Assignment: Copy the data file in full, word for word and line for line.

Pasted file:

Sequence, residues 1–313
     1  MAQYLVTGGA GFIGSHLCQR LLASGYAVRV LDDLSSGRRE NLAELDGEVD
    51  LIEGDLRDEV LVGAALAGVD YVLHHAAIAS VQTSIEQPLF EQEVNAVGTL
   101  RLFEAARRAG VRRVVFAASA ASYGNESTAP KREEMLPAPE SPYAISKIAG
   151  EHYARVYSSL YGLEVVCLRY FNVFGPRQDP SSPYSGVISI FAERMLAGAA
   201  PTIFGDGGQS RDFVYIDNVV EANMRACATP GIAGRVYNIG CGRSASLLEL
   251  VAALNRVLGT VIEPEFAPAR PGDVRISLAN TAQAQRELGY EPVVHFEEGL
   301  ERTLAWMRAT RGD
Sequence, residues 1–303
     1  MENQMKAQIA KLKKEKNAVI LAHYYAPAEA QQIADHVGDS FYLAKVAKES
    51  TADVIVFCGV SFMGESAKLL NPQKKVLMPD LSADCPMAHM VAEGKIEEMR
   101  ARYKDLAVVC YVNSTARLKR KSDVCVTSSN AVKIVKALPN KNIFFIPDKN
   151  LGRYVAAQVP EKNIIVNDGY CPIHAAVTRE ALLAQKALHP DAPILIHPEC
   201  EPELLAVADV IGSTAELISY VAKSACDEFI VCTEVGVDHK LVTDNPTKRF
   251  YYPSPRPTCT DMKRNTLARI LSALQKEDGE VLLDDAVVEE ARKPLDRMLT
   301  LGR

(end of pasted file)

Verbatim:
Sequence, residues 1–313
     1  MAQYLVTGGA GFIGSHLCQR LLASGYAVRV LDDLSSGRRE NLAELDGEVD
    51  LIEGDLRDEV LVGAALAGVD YVLHHAAIAS VQTSIEQPLF EQEVNAVGTL
   101  RLFEAARRAG VRRVVFAASA ASYGNESTAP KREEMLPAPE SPYAISKIAG
   151  EHYARVYSSL YGLEVVCLRY FNVFGPRQDP SSPYSGVISI FAERMLAGAA
   201  PTIFGDGGQS RDFVYIDNVV EANMRACATP GIAGRVYNIG CGRSASLLEL
   251  VAALNRVLGT VIEPEFAPAR PGDVRISLAN TAQAQRELGY EPVVHFEEGL
   301  ERTLAWMRAT RGD
Sequence, residues 1–303
     1  MENQMKAQIA KLKKEKNAVI LAHYYAPAEA QQIADHVGDS FYLAKVAKES
    51  TADVIVFCGV SFMGESAKLL NPQKKVLMPD LSADCPMAHM VAEGKIEEMR
   101  ARYKDLAVVC YVNSTARLKR KSDVCVTSSN AVKIVKALPN KNIFFIPDKN
   151  LGRYVAAQVP EKNIIVNDGY CPIHAAVTRE ALLAQKALHP DAPILIHPEC
   201  EPELLAVADV IGSTAELISY VAKSACDEFI VCTEVGVDHK LVTDNPTKRF
   251  YYPSPRPTCT DMKRNTLARI LSALQKEDGE VLLDDAVVEE ARKPLDRMLT
   301  LGR